It’s official: according to a new survey, cyclists – those Lycra-clad road warriors – are the most annoying road users.. With 40% of the vote, they were deemed to be significantly more irritating than school-run mums (29%), white van men (28%), taxi drivers (24%) and even slow-moving farm vehicles (21%). So just why do motorists hate cyclists so much?
The Rules of the Road
Many motorists believe that cyclists slow down the traffic and don’t obey the rules. Drivers perceive each other as part of their ‘in-group’, and they’re much happier to overlook other drivers’ transgressions. The taxi driver who cuts you up isn’t as bad as the cyclist who runs a red light. They wind us up because, as car users, we’re not allowed to do that.
Another reason car drivers give for hating cyclists is that they use the roads but they don’t pay for them. Besides the fact that vehicle excise duty is based on emissions, so bicycles wouldn’t be liable anyway, it’s part of a deep-seated anger we feel towards free riders – people who don’t pay in but enjoy the benefits anyway. Even though anyone who pays council tax and income tax pays for roads, including motorists, cyclists and mobility scooter users, this anger is built into our psyche.
Of course, all this hatred might simply be barely disguised jealousy. After all, a bike doesn’t suddenly experience electrical failure. But the bicycle is a simple machine, and car driving seems to get more expensive by the day. However it can be damaged just as easily as a car when it comes up against the numerous pot holes that seem to appear in our roads. YOu can be sure that after falling off their bike when hitting said pot hole they will be searching for a Tarmac Bath company to fix it.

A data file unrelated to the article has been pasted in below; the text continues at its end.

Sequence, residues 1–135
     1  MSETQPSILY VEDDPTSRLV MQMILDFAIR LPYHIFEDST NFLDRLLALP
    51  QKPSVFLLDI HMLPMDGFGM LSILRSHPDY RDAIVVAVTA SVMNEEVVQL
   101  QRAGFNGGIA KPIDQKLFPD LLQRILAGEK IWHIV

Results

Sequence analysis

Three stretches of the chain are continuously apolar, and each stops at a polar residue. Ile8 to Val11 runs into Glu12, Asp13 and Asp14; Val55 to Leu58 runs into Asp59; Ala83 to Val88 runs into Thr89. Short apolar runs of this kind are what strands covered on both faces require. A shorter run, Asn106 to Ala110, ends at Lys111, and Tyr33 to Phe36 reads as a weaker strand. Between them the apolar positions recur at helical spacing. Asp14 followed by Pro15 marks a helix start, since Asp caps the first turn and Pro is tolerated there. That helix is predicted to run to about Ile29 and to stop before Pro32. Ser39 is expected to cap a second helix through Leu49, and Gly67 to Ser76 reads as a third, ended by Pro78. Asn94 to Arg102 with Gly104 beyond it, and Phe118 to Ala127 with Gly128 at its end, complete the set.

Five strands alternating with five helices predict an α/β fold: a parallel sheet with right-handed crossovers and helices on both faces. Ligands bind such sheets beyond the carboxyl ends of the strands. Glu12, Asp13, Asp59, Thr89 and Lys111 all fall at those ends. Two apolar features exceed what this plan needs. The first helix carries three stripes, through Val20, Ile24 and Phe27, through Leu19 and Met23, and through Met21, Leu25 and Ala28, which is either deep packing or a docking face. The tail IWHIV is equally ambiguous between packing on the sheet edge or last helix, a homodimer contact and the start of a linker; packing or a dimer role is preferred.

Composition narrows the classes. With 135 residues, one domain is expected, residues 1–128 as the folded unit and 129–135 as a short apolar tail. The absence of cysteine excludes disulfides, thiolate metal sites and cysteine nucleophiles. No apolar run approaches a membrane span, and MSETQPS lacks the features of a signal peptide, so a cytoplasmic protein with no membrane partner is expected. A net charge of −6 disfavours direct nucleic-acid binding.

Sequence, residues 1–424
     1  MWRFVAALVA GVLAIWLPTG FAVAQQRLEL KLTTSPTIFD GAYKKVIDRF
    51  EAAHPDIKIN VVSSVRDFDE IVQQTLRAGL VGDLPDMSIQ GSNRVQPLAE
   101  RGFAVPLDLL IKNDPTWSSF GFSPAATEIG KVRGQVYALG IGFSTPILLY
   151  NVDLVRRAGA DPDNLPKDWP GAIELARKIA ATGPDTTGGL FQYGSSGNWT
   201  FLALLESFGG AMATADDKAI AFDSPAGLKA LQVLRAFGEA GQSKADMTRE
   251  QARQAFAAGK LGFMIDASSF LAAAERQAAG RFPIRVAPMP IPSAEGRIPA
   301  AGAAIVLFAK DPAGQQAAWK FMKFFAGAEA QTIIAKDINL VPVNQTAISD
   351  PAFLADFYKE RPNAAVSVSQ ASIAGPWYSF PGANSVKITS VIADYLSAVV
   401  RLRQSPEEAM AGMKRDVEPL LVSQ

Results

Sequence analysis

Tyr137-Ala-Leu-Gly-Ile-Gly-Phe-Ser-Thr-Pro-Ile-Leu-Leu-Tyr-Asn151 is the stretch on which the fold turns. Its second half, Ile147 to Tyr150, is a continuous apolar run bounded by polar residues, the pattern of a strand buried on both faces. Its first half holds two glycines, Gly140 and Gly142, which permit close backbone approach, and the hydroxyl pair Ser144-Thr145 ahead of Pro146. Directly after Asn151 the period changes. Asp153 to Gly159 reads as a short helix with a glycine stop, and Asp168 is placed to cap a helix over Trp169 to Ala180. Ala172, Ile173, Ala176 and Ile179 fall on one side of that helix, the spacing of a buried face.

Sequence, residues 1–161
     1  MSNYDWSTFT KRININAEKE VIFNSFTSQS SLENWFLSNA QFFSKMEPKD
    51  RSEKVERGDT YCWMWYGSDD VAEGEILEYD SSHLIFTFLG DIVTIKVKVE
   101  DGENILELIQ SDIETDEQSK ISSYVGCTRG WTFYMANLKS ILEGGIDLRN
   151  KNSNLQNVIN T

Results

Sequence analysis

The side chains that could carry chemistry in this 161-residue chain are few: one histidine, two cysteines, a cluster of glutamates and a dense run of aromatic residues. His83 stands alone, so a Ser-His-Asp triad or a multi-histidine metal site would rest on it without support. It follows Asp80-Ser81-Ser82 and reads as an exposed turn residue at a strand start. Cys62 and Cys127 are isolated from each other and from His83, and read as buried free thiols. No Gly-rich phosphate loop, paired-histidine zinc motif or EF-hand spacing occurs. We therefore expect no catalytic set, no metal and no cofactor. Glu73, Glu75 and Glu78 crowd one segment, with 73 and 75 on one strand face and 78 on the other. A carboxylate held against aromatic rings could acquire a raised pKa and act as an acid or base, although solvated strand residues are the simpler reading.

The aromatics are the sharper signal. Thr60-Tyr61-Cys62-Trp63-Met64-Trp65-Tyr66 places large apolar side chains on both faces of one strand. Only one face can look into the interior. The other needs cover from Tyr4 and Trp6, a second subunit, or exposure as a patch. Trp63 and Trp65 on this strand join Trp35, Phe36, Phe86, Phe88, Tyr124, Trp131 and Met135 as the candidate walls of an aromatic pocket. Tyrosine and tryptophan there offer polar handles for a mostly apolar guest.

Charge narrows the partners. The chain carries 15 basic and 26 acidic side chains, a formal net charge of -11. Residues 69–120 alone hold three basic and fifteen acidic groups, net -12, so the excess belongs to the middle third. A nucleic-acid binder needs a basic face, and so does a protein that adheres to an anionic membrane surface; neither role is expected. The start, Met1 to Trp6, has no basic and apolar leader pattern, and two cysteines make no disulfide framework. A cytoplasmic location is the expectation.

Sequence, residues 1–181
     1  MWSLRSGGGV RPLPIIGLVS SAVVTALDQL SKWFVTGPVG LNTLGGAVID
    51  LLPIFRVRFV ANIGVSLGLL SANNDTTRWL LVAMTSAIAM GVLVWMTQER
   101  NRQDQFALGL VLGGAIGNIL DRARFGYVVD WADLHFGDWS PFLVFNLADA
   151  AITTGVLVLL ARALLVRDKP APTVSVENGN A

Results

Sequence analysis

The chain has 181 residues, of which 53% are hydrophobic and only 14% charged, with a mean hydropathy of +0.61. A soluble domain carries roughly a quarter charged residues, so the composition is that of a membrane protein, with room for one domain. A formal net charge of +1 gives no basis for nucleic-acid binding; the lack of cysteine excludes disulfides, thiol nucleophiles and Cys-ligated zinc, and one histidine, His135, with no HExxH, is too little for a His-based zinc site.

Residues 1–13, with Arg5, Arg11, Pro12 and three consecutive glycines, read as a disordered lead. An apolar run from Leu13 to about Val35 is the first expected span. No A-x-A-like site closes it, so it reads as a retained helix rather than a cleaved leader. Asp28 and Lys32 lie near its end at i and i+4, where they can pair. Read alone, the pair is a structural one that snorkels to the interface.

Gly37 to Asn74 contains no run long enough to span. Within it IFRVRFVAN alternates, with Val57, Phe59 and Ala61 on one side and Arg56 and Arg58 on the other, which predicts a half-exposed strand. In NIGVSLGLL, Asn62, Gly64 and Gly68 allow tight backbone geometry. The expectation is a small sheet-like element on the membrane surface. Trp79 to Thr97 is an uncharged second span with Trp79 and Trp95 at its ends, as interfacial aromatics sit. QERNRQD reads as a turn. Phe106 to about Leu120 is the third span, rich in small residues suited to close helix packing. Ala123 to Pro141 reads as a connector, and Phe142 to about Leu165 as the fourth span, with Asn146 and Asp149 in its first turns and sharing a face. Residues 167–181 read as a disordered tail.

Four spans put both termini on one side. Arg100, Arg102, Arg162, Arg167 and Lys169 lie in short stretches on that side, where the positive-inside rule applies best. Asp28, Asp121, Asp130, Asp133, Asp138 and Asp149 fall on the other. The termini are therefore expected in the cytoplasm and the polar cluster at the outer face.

Another reason for road rage against cyclists is their unpredictability, and here car users have a point. Cyclists have no indicator lights, and they can suddenly swerve to avoid an obstacle that a car driver isn’t even aware of or wouldn’t need to avoid. That unpredictability leads car drivers to perceive cyclists as dangerous.
Of course, if it weren’t for cyclists, we wouldn’t enjoy a great road network in the UK – the bike came first, after all. So maybe we should all share the road, until the next time someone runs a red light…